Inside the Destiny Laboratory Module on board the International Space Station

 Inside the Destiny Laboratory Module on board the International Space Station (NASA)

Noise on Earth and on the International Space Station

Let's Talk Science

Summary

This backgrounder explains what noise is, how it is measured, and how it affects our hearing, wellness and more.

What is Noise?

Have you ever been told that you are making too much noise? Or that your class is getting too noisy? Of course you have! But what exactly is noise? Noise is any sound which bothers you. How you feel about a given sound is a personal opinion. What is noise to one person is not noise to another person.

Infographic explaining how sound can become noise
Infographic explaining how sound can become noise (©2019 Let's Talk Science)

How is Sound Measured?

The unit for the loudness of sound is the decibel (dB). The decibel scale is related to how humans hear sound. Loudness of sound can be measured using a decibel meter, which may also be called a noise meter or a noise dosimeter.

The decibel value increases as the sound gets louder. A decibel level of 0 means the sound is extremely quiet - like hearing a buzzing mosquito on the other side of your backyard. A decibel level of 200 is extremely loud - like standing beside a Saturn V rocket as it is firing. As you can imagine, the louder the sound, the less time you can spend safely listening to a sound. Sounds of 85 dB or greater can cause permanent hearing damage

Decibel levels for some familiar sounds
Decibel levels for some familiar sounds (Let’s Talk Science using an image from by b44022101 via iStockphoto).

How Can Noise Affect You Physically and Mentally?

The noise in a room, such as a classroom, can affect how you feel physically as well as mentally. Hearing noise can lead to increased stress, which can increase your heart rate and cause your blood pressure to go up. Noise can also make it difficult to hear and understand your teacher. It can even make you feel anxious, uptight and irritable. So does that mean classrooms should have no noise at all? Not necessarily. A very quiet room is good when you are doing difficult tasks, such as writing a test. When doing creative tasks, some noise can actually be a good thing.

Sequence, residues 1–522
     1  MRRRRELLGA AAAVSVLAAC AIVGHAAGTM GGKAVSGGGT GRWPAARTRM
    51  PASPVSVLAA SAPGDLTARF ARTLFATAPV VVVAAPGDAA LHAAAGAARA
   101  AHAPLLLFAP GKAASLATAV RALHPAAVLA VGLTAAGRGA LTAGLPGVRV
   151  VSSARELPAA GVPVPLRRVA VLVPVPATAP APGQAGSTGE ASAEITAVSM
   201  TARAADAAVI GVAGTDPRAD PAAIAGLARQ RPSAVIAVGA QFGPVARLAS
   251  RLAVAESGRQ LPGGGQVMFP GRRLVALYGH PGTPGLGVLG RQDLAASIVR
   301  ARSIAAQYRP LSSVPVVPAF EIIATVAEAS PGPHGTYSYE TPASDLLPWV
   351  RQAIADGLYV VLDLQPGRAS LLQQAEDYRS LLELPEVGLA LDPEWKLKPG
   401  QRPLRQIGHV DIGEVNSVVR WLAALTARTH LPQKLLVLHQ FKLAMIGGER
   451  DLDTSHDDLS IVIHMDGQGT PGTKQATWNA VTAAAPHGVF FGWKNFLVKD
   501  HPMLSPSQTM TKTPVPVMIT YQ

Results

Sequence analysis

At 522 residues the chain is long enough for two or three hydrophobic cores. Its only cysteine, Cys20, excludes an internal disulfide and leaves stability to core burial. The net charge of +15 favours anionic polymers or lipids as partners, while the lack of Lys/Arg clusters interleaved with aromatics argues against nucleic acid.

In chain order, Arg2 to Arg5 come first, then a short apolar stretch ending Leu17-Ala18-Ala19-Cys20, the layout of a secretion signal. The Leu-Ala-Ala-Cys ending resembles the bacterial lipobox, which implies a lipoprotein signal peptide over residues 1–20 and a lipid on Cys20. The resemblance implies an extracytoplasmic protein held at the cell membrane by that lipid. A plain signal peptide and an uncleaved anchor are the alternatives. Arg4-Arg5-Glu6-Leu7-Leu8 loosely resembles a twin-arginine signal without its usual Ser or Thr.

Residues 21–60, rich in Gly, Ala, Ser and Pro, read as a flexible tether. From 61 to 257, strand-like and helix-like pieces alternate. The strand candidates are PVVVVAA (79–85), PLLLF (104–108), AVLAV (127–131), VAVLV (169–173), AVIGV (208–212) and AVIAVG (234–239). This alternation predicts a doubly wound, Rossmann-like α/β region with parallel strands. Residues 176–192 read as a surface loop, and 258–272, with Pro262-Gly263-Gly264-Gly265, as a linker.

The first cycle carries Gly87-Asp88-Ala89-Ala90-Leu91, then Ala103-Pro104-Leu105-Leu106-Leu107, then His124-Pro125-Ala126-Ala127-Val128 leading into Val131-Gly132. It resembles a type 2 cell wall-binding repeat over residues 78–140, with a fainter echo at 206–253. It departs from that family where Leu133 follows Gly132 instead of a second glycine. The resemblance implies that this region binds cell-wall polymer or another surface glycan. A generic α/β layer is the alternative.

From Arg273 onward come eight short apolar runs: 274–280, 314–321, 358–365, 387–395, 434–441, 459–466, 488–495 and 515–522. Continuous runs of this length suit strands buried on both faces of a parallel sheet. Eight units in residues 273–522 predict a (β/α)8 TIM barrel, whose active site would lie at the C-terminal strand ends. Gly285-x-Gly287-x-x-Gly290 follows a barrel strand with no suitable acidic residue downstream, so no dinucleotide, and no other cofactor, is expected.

So, what is the optimal or ‘best’ maximum noise level in a classroom? The World Health Organization (WHO) recommends a maximum background noise level of 35 dB. Research has shown that students learn best when their teachers’ voices are 10 to 15 dB louder than the background noise. So, ideally a classroom should be around 45 to 50 dB.

How Noisy is it on the International Space Station?

Although sound does not travel in the vacuum of space, the inside of the International Space Station (ISS) is quite noisy. There are many pumps and fans that allow people to live on the ISS. They control the station’s heat, humidity, and carbon dioxide levels. But they also make a lot of background noise inside the station. Even the exercise equipment, like the treadmill, can be very noisy. 

How Can Noise Affect Astronauts?

High levels of noise on the ISS can be a problem for astronauts. Noise can make it difficult for them to concentrate. It can also make it difficult to hear each other or ground control, as well as hear warning sounds and alarms. High noise levels can also lead to vibrations in the station itself, which can affect experiments.